Why weak shilling failed to lift Kenya’s exports

Kenya’s exports last year upset expectations by falling against what was a more than one fifth depreciation of the Shilling against major world currencies, including the US dollar, Euro and British Pound.

While the exports had been widely expected to grow, data from the Central Bank of Kenya, through 10 months to October 2023, shows total good exports fell by 2.1 percent to Sh978.7 billion ($6.104 billion) in the period.

According to the International Monetary Fund (IMF), Kenya’s exports underperformed last year as exporters struggled to obtain hard currency to import intermediate goods which are usually processed to create exports.

“Exports are projected to have underperformed in 2023 due to forex market dysfunction, for example, through increased transaction costs of securing FX [foreign exchange] for imported intermediate goods,” the IMF stated.

The IMF observed the extended strife in obtaining hard currencies in the market as the interbank FX market remained dormant while spreads in the bank-client market remained large in most cases. 

Secondary data from the CBK shows the importation of intermediate goods, excluding oils, which are usually processed into finished goods set for both domestic and foreign markets fell by 15 percent through 12 months to October 2023 to Sh1.8 trillion ($11.57 billion) from Sh2.21 trillion ($13.79 billion).

The underperformance in exports has exports underlying weaknesses and the loss of competitiveness in the economy.

Bumper exports are usually expected when local currency’s slide as domestically produced goods and services become cheaper for trading partners leading to the buyers increasing their demand for the cheaper goods.

On the flipside, however, imports become more expensive in home currency terms, forcing residents to demand less, including intermediate goods which make key inputs in the manufacture of exports.

The IMF has, however, previously warned of shifts to the traditional paradigm as more global trade is conducted in just a few currencies.

“There is growing evidence that most of global trade is invoiced in a few currencies, most notably- the US dollar. In fact, the share of US dollar trade invoicing across countries far exceeds their share of trade with the US,” the IMF stated in a July 2020 note.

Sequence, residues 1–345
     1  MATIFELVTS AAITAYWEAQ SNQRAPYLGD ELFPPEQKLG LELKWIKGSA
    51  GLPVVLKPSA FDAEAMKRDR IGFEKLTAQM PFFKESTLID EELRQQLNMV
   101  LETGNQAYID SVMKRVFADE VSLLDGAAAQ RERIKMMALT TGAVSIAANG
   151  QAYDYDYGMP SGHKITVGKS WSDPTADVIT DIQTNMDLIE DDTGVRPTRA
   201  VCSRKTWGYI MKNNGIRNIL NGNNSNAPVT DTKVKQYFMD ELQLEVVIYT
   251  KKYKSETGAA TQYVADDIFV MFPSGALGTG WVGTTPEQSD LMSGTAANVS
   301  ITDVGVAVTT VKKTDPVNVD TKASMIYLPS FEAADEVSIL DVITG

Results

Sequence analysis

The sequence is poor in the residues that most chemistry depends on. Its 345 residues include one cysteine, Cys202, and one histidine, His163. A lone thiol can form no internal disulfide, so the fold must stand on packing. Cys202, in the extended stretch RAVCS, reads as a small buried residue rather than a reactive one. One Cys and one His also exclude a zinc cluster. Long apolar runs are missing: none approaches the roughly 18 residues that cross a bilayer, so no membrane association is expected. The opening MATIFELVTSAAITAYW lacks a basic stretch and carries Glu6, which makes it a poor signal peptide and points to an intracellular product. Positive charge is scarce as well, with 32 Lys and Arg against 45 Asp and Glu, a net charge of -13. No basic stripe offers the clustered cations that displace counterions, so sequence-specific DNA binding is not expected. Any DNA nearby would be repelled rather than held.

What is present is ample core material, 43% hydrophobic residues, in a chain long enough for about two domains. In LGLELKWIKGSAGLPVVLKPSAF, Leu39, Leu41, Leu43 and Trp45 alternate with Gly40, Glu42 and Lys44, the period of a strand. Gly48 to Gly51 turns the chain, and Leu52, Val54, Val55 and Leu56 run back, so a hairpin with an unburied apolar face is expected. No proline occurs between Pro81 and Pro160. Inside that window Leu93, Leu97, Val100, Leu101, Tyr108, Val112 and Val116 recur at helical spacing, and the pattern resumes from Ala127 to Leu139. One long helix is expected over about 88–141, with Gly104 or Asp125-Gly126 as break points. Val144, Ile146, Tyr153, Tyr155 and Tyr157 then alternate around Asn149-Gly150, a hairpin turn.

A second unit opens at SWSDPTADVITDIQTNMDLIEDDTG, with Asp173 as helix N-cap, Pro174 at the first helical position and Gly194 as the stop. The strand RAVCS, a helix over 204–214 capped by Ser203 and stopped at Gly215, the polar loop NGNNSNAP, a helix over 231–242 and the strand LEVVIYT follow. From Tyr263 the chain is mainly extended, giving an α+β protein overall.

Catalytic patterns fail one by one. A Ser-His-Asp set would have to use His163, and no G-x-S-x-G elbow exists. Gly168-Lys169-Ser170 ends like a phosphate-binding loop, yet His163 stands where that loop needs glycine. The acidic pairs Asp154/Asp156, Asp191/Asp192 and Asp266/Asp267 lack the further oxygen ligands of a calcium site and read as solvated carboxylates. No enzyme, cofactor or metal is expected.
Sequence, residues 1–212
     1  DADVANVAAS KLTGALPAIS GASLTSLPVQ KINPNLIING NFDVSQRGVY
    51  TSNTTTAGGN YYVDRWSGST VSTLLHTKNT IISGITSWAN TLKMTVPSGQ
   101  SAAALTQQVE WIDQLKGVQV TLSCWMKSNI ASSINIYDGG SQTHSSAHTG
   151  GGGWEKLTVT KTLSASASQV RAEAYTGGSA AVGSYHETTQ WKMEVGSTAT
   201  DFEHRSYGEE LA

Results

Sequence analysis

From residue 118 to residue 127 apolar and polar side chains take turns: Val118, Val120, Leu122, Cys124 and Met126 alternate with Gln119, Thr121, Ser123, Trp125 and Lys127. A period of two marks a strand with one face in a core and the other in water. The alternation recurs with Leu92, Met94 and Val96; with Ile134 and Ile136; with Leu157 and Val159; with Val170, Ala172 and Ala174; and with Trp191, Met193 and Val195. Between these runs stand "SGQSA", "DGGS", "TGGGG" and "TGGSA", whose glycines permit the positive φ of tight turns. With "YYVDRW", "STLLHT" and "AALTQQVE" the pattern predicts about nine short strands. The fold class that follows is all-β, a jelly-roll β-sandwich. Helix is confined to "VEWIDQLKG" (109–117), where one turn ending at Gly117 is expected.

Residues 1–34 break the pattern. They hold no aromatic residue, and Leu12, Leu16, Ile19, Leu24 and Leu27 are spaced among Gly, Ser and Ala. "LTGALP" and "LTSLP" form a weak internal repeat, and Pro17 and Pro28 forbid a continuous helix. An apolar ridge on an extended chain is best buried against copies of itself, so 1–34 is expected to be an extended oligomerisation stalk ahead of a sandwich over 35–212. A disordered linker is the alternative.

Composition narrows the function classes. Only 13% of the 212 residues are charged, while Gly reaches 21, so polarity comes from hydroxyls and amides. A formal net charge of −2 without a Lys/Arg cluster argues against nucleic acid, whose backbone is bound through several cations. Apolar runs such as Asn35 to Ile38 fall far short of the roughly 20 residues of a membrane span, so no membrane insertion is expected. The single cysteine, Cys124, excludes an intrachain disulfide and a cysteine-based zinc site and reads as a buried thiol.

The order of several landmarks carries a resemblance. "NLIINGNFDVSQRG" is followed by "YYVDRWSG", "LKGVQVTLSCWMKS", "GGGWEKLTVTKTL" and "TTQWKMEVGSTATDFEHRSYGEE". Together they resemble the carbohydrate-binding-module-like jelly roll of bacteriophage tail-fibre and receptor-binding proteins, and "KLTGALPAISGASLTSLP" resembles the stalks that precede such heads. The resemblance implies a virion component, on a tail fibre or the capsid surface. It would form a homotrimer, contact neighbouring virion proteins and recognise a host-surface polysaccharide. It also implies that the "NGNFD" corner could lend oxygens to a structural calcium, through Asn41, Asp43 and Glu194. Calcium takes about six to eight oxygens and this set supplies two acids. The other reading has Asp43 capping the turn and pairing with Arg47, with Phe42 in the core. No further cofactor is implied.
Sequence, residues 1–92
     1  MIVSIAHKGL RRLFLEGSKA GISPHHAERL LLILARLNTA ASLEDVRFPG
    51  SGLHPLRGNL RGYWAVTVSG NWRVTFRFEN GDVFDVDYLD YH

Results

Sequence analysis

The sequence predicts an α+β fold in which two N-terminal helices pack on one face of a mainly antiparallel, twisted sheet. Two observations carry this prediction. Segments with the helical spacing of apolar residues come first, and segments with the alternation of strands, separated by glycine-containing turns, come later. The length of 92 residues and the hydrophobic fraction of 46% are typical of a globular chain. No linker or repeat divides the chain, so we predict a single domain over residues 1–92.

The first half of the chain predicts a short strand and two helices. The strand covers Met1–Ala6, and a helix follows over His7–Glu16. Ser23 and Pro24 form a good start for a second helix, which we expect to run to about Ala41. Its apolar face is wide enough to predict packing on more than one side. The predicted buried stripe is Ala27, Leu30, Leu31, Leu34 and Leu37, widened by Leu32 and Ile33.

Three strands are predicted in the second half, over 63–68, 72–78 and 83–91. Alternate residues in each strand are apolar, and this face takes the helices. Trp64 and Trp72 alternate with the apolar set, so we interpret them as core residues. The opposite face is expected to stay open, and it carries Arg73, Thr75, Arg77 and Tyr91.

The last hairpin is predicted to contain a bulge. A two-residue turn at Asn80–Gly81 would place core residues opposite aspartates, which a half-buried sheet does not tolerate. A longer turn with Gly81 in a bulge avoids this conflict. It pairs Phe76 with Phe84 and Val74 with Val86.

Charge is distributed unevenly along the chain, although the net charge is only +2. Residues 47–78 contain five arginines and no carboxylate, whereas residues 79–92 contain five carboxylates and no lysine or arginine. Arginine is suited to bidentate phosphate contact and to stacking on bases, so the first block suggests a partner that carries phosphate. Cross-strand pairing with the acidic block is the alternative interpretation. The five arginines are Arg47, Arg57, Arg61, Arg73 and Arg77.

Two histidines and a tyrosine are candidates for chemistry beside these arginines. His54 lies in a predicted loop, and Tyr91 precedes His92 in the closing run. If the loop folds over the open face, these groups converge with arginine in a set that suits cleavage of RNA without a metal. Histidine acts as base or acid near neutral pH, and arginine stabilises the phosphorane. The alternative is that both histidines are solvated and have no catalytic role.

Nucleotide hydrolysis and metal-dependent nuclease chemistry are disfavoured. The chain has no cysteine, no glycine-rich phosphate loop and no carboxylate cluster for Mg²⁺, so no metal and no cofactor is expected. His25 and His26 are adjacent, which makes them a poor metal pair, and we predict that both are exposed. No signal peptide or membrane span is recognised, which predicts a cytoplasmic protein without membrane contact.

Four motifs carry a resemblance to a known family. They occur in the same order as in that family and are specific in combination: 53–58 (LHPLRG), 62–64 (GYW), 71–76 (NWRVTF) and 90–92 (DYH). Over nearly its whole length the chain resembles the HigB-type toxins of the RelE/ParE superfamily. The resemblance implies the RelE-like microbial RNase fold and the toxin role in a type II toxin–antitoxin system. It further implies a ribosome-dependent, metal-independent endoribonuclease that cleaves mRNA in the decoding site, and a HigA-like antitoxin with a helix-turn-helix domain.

Despite the deteriorating exports, the current account balance as a percentage of GDP is estimated to have largely held up at 4.1 percent at the end of 2023 with a faster drop in imports offsetting the upset in export earnings.

Total imports through 10 months to October fell by 14.7 percent from Sh2.6 trillion ($16.2 billion) in the comparable 2022 period to Sh2.2 trillion ($13.7 billion).

Beyond difficulties in sourcing for FX, the IMF has observed that Kenya’s export competitiveness and complexity remains low with its exports to GDP ratio having nearly halved in the last 10 years.

Exports per capita/per head have drifted away from comparable peers in East Asia emerging markets while regional peers including Ghana, Rwanda and Tanzania have been narrowing the gap.

The IMF has asked Kenya to strive in improving its export competitiveness with the goal of improving external buffers and debt sustainability.

“In addition to enhancing exchange rate flexibility, improving government effectiveness, regulatory quality and better governance, and anticorruption framework along with improvements in trade policy and information technology infrastructure could help boost Kenya’s export competitiveness,” the IMF added.

Source: Business Daily

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